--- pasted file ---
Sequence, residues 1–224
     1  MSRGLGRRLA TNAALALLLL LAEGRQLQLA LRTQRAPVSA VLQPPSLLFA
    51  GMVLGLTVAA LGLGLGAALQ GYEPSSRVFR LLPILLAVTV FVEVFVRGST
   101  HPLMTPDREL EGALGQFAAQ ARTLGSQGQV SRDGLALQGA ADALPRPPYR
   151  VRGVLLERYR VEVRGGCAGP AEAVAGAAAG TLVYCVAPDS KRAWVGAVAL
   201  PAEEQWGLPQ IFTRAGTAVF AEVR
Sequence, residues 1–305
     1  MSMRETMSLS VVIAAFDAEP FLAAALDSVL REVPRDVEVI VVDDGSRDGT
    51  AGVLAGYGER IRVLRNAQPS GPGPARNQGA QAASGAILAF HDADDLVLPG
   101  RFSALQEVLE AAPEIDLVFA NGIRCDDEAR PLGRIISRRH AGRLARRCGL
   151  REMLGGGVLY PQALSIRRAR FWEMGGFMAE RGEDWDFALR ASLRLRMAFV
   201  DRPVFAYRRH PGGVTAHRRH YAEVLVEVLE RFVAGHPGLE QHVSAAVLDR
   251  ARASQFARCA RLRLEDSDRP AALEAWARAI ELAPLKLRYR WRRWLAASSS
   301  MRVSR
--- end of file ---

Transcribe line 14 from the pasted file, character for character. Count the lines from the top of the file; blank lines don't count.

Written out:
   301  MRVSR